Can friends help me carry my burdens?

Can friends help me carry my burdens?

A Story by Precious Prodigal

March 19, 2014: Can friends help me carry my burdens? Please share this new Precious Prodigal Post:

2 Kings 19: 2 “And [Hezekiah] sent Eliakim…and the elders of the priests, covered with sackcloth, to Isaiah the prophet.

Surrounded by the enemy, who had blasphemed God, told the people they could not trust or believe their king, and facing the most desperate crisis of his life, King Hezekiah’s first response was to humble himself and go to God in prayer. Taking his eyes off the problem and turning them to the Problem Solver was the right place to begin. But Hezekiah did more than that. He also sent messengers to Isaiah, shared the details, and asked Isaiah to “lift up thy prayer for the remnant that are left.” (2 Kings 19:4)

You may be a person who has no problem letting people know you’re hurting. On the other hand, you may be the one who can’t lift that 500-pound telephone when your heart is breaking. Although my first response isn’t always prayer, eventually I get there. And sometimes, but not always, I share that burden with someone I can trust. Now there’s the rub: When should I share and when should I not? I noticed some things about when and how Hezekiah shared this burden.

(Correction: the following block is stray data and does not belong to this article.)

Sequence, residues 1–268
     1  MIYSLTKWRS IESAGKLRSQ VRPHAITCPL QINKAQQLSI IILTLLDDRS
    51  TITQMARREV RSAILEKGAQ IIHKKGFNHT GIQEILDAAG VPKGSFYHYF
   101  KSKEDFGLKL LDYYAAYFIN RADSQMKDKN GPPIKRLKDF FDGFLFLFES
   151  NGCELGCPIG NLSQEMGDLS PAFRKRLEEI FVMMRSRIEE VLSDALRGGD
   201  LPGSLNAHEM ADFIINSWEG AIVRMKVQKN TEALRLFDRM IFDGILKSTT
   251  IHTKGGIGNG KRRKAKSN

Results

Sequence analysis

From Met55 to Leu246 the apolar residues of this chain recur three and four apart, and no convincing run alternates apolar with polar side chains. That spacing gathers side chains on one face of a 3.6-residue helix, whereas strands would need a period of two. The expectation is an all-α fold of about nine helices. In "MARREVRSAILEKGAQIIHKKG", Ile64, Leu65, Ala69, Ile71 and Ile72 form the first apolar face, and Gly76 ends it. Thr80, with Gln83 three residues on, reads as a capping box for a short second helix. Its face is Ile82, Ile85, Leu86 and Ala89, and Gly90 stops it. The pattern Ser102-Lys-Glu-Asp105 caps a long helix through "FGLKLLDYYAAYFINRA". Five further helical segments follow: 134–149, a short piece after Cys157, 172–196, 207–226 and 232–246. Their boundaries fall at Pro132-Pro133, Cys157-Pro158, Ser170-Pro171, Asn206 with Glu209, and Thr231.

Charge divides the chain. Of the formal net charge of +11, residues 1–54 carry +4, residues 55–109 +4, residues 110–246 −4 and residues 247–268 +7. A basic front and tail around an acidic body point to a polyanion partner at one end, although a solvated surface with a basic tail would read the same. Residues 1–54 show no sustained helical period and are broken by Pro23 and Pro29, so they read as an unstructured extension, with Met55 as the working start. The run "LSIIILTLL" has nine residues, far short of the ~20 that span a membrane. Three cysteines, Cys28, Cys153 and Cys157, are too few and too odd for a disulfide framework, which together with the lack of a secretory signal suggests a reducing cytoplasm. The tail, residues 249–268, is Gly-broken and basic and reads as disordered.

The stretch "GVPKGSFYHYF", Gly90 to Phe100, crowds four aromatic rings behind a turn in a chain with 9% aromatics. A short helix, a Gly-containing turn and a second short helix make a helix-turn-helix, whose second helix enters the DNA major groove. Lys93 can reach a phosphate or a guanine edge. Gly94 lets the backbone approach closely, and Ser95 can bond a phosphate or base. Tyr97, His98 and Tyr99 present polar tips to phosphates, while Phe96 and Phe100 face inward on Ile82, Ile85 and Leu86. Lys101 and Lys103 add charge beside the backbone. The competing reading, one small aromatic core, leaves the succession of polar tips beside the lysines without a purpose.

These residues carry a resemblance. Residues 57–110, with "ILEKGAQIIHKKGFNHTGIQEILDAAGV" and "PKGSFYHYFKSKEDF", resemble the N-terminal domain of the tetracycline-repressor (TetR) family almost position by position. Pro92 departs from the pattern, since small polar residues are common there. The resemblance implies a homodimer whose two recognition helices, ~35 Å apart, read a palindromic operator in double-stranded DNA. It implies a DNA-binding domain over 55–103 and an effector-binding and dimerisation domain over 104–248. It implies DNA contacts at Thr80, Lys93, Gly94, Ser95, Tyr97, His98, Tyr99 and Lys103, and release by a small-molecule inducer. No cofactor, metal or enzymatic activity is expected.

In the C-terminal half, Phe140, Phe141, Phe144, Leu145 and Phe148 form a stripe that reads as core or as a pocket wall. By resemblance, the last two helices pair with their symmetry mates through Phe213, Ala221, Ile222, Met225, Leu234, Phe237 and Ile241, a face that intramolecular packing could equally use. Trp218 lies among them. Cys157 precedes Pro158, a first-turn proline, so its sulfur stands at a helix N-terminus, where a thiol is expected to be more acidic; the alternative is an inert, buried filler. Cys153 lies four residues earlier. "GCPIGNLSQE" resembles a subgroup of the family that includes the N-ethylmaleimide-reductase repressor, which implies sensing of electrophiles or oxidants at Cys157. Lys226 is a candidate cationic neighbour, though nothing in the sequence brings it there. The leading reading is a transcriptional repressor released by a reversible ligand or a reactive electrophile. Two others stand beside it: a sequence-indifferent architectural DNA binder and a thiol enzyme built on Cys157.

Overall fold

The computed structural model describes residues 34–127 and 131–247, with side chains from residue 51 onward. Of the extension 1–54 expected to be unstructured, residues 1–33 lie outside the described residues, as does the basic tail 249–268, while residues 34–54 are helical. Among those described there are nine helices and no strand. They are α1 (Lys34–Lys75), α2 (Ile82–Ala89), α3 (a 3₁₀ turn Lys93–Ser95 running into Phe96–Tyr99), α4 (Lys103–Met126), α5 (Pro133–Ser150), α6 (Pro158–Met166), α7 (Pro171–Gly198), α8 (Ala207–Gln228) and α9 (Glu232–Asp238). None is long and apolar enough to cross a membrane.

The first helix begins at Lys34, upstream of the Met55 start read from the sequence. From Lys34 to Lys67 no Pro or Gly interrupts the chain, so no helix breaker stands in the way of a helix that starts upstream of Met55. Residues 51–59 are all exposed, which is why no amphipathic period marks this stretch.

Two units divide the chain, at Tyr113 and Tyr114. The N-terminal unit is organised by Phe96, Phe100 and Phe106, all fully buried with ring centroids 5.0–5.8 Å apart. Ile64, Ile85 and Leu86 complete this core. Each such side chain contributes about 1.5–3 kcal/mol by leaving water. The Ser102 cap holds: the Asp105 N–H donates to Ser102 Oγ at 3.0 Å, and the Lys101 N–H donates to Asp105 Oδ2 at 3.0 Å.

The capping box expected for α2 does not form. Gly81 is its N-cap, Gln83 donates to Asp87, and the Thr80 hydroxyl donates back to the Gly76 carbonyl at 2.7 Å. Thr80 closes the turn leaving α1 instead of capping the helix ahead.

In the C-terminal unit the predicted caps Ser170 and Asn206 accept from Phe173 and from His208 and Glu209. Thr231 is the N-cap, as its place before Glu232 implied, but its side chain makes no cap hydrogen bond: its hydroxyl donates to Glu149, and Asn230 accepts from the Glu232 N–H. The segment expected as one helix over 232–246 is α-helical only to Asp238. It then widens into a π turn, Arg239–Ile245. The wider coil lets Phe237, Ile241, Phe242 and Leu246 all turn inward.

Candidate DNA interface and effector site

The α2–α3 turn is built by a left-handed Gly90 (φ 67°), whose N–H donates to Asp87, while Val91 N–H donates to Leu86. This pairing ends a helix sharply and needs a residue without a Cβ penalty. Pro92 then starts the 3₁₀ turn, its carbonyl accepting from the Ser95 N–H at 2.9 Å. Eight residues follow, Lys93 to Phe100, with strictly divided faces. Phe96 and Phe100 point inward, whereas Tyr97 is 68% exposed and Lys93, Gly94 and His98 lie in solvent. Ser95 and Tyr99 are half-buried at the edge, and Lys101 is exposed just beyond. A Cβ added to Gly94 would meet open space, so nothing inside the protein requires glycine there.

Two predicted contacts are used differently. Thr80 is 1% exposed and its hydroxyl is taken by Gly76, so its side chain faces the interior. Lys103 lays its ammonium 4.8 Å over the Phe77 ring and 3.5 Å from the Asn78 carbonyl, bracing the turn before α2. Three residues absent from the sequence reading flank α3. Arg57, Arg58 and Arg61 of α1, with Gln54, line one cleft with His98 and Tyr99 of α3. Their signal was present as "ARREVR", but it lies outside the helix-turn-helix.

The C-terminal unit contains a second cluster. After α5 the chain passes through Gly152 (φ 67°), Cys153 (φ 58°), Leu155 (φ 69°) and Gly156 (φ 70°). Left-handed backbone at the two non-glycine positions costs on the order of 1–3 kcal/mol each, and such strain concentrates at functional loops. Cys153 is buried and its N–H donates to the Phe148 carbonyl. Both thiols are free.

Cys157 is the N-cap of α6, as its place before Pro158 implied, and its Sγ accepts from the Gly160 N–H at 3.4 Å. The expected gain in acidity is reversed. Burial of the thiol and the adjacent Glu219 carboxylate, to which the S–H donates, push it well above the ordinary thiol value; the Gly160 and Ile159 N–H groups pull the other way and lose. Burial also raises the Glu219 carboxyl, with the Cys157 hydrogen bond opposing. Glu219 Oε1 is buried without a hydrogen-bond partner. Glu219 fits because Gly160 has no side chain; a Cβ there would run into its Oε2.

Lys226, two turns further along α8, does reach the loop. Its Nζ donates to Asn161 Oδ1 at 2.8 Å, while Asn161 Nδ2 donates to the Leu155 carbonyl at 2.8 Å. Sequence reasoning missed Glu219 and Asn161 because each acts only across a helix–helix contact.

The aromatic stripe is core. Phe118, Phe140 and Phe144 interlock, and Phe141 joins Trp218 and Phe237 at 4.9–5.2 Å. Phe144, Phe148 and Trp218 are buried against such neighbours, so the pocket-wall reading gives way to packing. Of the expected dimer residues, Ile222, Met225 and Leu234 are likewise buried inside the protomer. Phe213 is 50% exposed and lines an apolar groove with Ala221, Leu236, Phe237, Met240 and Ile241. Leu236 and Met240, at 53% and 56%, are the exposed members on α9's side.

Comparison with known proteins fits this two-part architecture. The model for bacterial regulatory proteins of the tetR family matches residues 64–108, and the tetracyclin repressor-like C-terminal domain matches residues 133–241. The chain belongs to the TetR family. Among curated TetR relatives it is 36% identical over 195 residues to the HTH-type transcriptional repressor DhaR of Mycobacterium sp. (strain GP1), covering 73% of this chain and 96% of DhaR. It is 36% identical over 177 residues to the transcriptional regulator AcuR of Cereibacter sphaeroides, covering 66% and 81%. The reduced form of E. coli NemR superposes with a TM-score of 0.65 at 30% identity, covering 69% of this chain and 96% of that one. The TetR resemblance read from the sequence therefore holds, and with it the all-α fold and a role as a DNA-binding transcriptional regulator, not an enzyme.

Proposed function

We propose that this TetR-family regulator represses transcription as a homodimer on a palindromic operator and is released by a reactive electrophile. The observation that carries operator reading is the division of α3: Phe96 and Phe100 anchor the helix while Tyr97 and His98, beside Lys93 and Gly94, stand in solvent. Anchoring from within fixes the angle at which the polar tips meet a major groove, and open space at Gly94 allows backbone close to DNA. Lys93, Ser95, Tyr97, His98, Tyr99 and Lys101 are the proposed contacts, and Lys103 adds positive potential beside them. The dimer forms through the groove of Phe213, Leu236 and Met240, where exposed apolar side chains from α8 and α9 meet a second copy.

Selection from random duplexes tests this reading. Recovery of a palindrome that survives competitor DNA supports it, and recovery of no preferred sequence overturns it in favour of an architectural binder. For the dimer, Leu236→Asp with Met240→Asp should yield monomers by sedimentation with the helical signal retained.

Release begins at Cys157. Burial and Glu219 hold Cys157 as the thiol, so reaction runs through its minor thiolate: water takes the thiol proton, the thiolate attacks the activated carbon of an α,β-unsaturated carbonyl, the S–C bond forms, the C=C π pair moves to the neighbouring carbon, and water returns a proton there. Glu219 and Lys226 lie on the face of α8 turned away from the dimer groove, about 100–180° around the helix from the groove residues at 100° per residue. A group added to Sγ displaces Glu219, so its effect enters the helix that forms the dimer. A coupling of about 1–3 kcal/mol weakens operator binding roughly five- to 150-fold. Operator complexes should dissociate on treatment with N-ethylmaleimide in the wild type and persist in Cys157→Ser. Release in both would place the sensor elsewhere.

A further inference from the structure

The first is that he didn’t deny there was a problem. We’ve all seen terrible things going on in a home while the family continues to deny there’s a problem. An example of this is that alcoholism has usually active in a home for 13 years before anyone admits there might be a problem. Then it’s another 7 years before something is done about it. Hezekiah wasn’t in denial. He knew he and his people were in serious trouble.

The second is that he didn’t “dump” it on the people he was supposed to be leading. Because Hezekiah was in sackcloth, they knew he was burdened. But he wasn’t groaning and saying there was no hope to the people who were looking to him for leadership. If I’m walking around with a negative, “gloom and doom from womb to tomb” attitude in front of my kids and others who look to me for leadership, this crisis isn’t the only problem I have.

The third is that Hezekiah took it to one friend he could trust. He didn’t have a fellowship dinner and use the microphone to tell everyone how desperate he was or how badly he was being treated. Sharing a burden with one trusted friend or in a small support group is one thing. Announcing our problems to the world is quite another.

He took it to Isaiah knowing he could count on Isaiah for both good counsel and prayer. Isaiah had suffered and had met suffering with courage and faith. The character and reputation of this godly prophet told Hezekiah that Isaiah could be trusted not only to advise but also to pray. Prayer is a powerful tool in the hands of godly friends because the “effectual fervent prayer of a righteous man availeth much.” (James 5:16)

I don’t know where you fit in this equation. Are you trying to brave it out and carry it by yourself? You can certainly try to do that, but reaching out will make that burden half as heavy as trying to carry it alone.

Challenge for Today: Can you, just for today, reach out to a trusted friend or support group and share what you have been trying to carry alone?

© 2014 Precious Prodigal

Author's Note

Precious Prodigal
March 19, 2014:
Can friends help me carry my burdens?
Please share this new Precious Prodigal Post:

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